Lost Classic: Taylor Sheridan’s Wind River

Taylor Sheridan’s Wind River (2017) pitches us into an unforgiving wintry environment and declares once and for all, as if we didn’t know already, that this writer-director will be a survivor. And yes, his movie grips and informs and entertains along the way.

A female, big-city-loneliness FBI agent finds herself tracking a rapist and murderer, his victim a teenager, in the white wastes of Wyoming. Her “team”? A veteran Native American cop, with his own skeleton crew, and an accomplished hunter with an axe to grind. So far, so genre.

The agent, Jane Banner (Elizabeth Olsen – Wanda/Scarlet Witch in the X-Men franchise), finds herself adrift in the physical environment, as the temperature hits home and the storms rage in, and adrift also in the emotional landscape, as various characters (all well drawn, all well played, all the way down the cast) try to deal with punishing grief and loss – some of it new, some of it freshly gory if inevitably frozen over.

Sheridan, writer of the labyrinthine drug cartel deal Sicario (2015, dir. Denis Villeneuve) and the engaging, blue-collar, modern-day Western Hell or High Water (2016, dir. David Mackenzie), takes the helm and maintains a distinctive attention to detail that pays off in some finely-layered moments: unforgettable vignettes of humanity that typically contain deep regret.

Like Emily Blunt’s character in Sicario, Olsen is the one female voice, struggling to be heard as the males of the species do their dangdest to rip apart the vulnerable and the downtrodden – as feral as the wolves and mountain lions and other predators the hunter, Cory, dons his snow-white camouflage to eliminate.

Jeremy Renner impresses as hunter Cory, a character reminiscent of another “Searcher” – John Wayne’s Ethan Edwards, in John Ford’s masterful Western, The Searchers (1956). Sheridan, it seems, has learned from the greats that genre is not a strait-jacket to limit creativity but a recognisable, resolute starting place from where he can navigate the whole world.

As in Hell or High Water, when the action comes, it comes thick and fast.

But while it’s the males who do (most of) the damage, Olsen’s passionate and driven heroine can hold her own when the high-powered weapons start doing their dirty work. And one of the most affecting of many highly emotional scenes sees two guys meet, face to face, knowing all too well what the other has lost, and the silence speaks volumes of Cormac McCarthy.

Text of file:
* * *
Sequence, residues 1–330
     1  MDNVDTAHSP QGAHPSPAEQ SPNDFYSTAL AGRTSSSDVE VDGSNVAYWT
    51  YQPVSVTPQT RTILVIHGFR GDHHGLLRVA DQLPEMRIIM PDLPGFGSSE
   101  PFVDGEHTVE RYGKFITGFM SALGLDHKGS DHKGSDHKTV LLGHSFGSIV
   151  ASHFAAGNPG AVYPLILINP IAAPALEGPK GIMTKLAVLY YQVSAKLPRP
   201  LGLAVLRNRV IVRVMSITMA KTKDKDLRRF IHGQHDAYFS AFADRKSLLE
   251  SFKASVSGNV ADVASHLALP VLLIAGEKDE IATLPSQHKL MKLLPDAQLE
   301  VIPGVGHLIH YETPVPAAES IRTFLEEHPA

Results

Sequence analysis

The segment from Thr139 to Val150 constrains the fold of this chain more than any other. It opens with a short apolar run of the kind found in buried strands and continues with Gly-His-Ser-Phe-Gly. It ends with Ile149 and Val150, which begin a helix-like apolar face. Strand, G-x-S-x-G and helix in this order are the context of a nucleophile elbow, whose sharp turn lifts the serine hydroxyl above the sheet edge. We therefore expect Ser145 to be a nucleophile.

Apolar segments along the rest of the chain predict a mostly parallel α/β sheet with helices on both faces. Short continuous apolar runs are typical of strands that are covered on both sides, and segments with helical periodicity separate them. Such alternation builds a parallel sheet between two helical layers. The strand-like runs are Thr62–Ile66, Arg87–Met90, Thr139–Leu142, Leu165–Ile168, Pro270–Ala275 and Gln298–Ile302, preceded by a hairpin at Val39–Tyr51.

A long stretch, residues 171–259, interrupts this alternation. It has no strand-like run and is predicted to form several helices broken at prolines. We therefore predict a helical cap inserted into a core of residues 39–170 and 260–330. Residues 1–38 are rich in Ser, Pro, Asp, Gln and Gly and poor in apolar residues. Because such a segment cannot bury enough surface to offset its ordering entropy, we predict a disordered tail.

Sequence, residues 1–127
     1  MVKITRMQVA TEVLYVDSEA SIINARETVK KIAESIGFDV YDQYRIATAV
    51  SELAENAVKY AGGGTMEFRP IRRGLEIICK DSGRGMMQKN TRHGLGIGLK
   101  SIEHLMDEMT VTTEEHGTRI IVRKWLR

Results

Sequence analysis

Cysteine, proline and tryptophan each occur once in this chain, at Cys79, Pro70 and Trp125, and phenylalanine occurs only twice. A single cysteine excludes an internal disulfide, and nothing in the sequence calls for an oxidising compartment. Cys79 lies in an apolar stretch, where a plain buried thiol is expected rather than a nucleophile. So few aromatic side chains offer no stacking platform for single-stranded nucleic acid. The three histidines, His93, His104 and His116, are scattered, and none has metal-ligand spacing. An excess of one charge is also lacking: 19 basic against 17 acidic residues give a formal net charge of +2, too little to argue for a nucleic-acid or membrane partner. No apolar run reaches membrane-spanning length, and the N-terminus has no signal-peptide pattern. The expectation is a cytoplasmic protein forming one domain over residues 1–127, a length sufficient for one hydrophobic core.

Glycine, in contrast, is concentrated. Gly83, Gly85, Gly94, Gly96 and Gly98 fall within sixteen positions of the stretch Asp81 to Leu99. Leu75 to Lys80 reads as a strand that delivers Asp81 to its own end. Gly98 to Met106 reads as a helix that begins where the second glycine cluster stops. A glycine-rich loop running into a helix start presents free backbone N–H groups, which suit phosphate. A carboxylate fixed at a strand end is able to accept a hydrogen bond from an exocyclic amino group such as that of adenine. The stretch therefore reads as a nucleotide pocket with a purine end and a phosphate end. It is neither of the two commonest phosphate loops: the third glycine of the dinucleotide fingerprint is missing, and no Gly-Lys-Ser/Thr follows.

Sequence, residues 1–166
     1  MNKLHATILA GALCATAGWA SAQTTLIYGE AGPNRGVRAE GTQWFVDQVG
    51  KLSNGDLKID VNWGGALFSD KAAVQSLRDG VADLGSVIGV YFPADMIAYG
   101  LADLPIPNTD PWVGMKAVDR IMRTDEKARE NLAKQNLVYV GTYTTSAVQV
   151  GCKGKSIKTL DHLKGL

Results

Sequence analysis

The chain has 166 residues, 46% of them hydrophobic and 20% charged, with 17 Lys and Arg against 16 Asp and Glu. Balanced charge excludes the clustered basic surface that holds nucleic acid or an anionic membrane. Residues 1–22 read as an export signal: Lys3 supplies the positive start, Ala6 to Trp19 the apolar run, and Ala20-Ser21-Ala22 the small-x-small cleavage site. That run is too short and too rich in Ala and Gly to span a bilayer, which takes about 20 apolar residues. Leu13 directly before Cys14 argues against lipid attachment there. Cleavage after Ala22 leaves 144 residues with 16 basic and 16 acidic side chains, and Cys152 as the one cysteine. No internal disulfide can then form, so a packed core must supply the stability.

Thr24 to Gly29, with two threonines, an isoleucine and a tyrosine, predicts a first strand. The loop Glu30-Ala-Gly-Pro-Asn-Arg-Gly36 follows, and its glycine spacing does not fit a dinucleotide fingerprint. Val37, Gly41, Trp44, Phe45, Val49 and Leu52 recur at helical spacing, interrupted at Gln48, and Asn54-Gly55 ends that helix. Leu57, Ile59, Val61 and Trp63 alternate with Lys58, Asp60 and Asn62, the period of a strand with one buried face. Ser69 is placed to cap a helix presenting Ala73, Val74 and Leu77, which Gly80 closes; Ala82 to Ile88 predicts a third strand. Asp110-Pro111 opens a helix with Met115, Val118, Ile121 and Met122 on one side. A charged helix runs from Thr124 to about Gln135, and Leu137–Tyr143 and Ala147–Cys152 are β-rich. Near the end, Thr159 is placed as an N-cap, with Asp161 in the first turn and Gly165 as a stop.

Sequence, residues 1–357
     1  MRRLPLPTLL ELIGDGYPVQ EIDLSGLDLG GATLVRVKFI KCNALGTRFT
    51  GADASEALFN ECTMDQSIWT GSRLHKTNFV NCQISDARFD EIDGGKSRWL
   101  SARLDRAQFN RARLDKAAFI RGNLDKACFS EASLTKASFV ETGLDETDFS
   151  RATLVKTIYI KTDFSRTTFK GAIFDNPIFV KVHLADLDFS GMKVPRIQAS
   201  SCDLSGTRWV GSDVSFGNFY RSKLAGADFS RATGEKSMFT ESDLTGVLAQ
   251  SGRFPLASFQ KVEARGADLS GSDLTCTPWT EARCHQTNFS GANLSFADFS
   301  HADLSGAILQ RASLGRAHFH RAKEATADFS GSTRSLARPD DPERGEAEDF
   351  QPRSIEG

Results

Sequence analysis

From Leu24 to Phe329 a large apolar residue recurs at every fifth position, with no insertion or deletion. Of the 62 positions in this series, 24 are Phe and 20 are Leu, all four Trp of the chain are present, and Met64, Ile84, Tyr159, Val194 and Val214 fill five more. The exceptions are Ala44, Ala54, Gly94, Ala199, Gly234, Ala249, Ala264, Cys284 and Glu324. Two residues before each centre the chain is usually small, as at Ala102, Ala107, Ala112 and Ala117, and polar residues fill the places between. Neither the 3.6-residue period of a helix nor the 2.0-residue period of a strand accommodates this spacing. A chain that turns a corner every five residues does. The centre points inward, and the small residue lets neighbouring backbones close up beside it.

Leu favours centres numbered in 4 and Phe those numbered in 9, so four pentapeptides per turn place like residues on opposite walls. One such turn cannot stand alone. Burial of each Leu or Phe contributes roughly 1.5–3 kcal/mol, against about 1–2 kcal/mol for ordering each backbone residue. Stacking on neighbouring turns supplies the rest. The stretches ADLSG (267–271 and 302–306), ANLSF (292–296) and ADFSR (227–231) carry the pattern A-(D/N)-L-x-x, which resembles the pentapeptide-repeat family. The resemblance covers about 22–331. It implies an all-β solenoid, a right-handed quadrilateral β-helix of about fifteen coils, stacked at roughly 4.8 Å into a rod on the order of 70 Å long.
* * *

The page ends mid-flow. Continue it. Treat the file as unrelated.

However, this critic still has a few reservations (if you can excuse the pun – Wind River is the Indian reservation where the action is centred). While Sheridan has rightly been praised for his skill with dialogue, Wind River perhaps blows TOO wordy.

Peopled, as it is, by so many naturally taciturn characters, with so much to hide and so much they are trying to forget (but never forgive?), they willingly take turns to recount just how they turned out this way … who or what they blame for it … and how big a part the snow, and the silence, played in their descent into their own personal Hell.

These (unlikely?) confessions and on-the-nose summations tend to incongruously punctuate the otherwise entirely believable milieu.

Having said that, many of the declarative speeches of identity, and homespun “how to survive” philosophies, are vital elements of many memorable scenes. So let’s give Sheridan the benefit of the doubt and say it is unlikely such a fine filmmaker could be so innocent of the fact that cinema works best when it can show, not tell.

Wind River boasts a fine supporting cast, including Jon Bernthal, Tokala Clifford, Graham Greene (from Dances with Wolves and Thunderheart), and Gil Birmingham (Hell or High Water).

The wonderfully atmospheric score is by Nick Cave and his long-time collaborator, Warren Ellis.

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